EURIPIDES’ MEDEA


Prologue (1-55) - Nurse, Tutor, Medea
What is the dramatic purpose of the Nurse's speech (1-25)? What moral does the Nurse
draw from the situation (51-55)?

Parados (56-132) - Chorus, Medea and Nurse
The parados is chanted by the Chorus along with the Nurse and Medea. How does the
Chorus of Corinthian women feel toward Medea?

First Episode (133-242) - Medea, Chorus, Creon
How does Medea view her situation in Corinth (149-155)? her situation as a married
woman and mother? as a foreigner?

What request does Medea make of Creon? What appeal does she make in support of her
request (ethos, pathos, logos)? What does her use of this appeal show about Creon?
about Medea?

Medea's reference to her planning and contriving (215-216) would remind the audience
of the meaning of the name Medea 'the cunning contriver'. Her mention of her
grandfather Helius, the sun god, calls attention to her divine ancestry (226). What is
Medea's view of the female gender (228-229)?

First Stasimon (218-225—embedded in first episode in THIS translation)
What is the Chorus's reaction to the last two lines of Medea's speech (228-229)?

Second Episode (243-342) - Jason, Chorus and Medea
What had Medea done for Jason?4 What accusation does Medea make against Jason?
 Pelias, fearing because of a prophecy that Jason would bring about his death, was hostile to the hero and
had tried to bring about Jason's death by sending him on the quest for the Golden Fleece.

What is Jason's view of why Medea had helped him? According to Jason what
advantages did Medea derive from coming to Greece with him?

Second Stasimon (343-395)
What view of love does the Chorus present in the first stanza?
Third Episode (395-458) - Aegeus, Medea and Chorus
What does Medea offer to do in return for Aegeus if he shelters her in Athens? By whom
does Medea make Aegeus swear? Why?

What will Medea do now with regard to Jason's intended bride? What does she plan to do
next? What will she achieve through this action? What is her motivation in this action?
Why at this point in the play has Medea decided on this form of revenge?

Third Stasimon (459-514—end of Act I)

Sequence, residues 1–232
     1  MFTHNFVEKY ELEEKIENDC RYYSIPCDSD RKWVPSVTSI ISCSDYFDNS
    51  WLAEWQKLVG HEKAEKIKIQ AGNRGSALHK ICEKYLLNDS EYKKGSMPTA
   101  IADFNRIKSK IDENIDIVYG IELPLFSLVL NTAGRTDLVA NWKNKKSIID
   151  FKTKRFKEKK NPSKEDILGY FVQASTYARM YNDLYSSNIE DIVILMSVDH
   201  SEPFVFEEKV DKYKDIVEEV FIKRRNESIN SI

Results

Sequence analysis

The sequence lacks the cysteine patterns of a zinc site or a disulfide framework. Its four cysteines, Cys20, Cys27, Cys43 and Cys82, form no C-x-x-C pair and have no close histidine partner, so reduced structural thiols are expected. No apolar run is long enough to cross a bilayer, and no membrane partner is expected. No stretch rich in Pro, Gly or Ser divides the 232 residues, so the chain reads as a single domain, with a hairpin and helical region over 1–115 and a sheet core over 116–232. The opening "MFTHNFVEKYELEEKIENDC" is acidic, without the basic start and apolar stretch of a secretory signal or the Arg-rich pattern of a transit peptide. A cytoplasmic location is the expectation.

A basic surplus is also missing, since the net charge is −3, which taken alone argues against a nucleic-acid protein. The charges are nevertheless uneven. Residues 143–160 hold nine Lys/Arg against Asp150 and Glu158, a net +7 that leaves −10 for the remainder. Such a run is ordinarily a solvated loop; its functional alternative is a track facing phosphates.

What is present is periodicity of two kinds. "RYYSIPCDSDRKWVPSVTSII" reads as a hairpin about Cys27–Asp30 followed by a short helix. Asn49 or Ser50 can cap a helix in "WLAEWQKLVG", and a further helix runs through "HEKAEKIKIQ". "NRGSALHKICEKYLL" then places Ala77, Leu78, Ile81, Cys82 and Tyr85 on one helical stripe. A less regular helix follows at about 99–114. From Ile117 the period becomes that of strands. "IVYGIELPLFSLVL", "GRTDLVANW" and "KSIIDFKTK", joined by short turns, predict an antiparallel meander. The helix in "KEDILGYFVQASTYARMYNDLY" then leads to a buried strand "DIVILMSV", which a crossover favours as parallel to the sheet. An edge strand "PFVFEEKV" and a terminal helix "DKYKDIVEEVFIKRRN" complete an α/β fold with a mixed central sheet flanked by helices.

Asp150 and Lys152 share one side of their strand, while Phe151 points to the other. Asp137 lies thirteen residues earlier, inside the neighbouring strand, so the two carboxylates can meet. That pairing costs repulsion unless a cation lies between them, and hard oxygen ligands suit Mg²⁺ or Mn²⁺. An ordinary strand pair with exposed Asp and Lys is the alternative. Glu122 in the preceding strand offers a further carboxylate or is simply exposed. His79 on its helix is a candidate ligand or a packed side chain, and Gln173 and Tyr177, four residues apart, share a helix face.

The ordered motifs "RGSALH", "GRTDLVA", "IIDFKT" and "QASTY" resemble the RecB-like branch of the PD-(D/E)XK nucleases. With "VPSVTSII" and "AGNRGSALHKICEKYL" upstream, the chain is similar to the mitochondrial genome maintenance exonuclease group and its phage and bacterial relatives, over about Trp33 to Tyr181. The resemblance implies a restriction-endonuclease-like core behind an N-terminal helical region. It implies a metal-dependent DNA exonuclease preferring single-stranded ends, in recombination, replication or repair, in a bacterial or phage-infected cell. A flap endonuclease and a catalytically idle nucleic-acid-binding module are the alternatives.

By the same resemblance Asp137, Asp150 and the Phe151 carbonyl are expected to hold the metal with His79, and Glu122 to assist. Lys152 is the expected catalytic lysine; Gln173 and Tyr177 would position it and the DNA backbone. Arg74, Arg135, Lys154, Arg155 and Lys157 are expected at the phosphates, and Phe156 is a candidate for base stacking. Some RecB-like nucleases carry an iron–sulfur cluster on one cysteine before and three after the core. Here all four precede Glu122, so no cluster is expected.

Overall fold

What has occasioned this choral ode in praise of Athens? What does the Chorus
specifically praise in reference to Athens? What does the Chorus ask Medea in the second
half of the ode?

Fourth Episode (Act II 1-154) - Jason, Medea, and Chorus
Discuss the irony in this section? What does Medea want Jason to do?

Fourth Stasimon (155-174)
What does the Chorus predict for Jason's intended bride, Jason, and Medea?

Fifth Episode (174-292)
What reasons does Medea give why she should kill her children? Explain how Medea is
ambivalent with regard to what she is considering?

What is the Chorus's view of the parent-child relationship? What specific relevance do
these general comments have for the immediate situation of the play?

Fifth Stasimon (293-305)
What warning does the Chorus give to Medea (1261-1270)?

Exodos (306-end) - Jason, Chorus and Medea
What concern does Jason express upon hearing of his children's deaths5? What
assumption does Jason make about the attitude of the Sun (Helius) toward Medea's
action? Is he correct in this assumption? Explain your answer. What comment does the
Chorus make on the events of the play?
 The murder of the children by Medea seems to have been an invention of Euripides. In other versions of
the legend Medea does not murder her children. One version has Medea kill her children accidentally,
while another has them killed by the Corinthians; yet another has Creon's kinsmen kill them in revenge for
Creon's death and circulate a rumor that Medea had murdered them.

In the exodos of the play Medea appears with the bodies of her children in a chariot drawn by dragons
either on the roof of the skene or suspended from the mechane in the manner of a deus ex machina3 She
indeed acts with the power, authority and prophetic knowledge of a "god from the machine" when she
establishes a festival and ritual in honor of her dead children, reveals her plans for the future and prophesies
the death of Jason (1378-1388).

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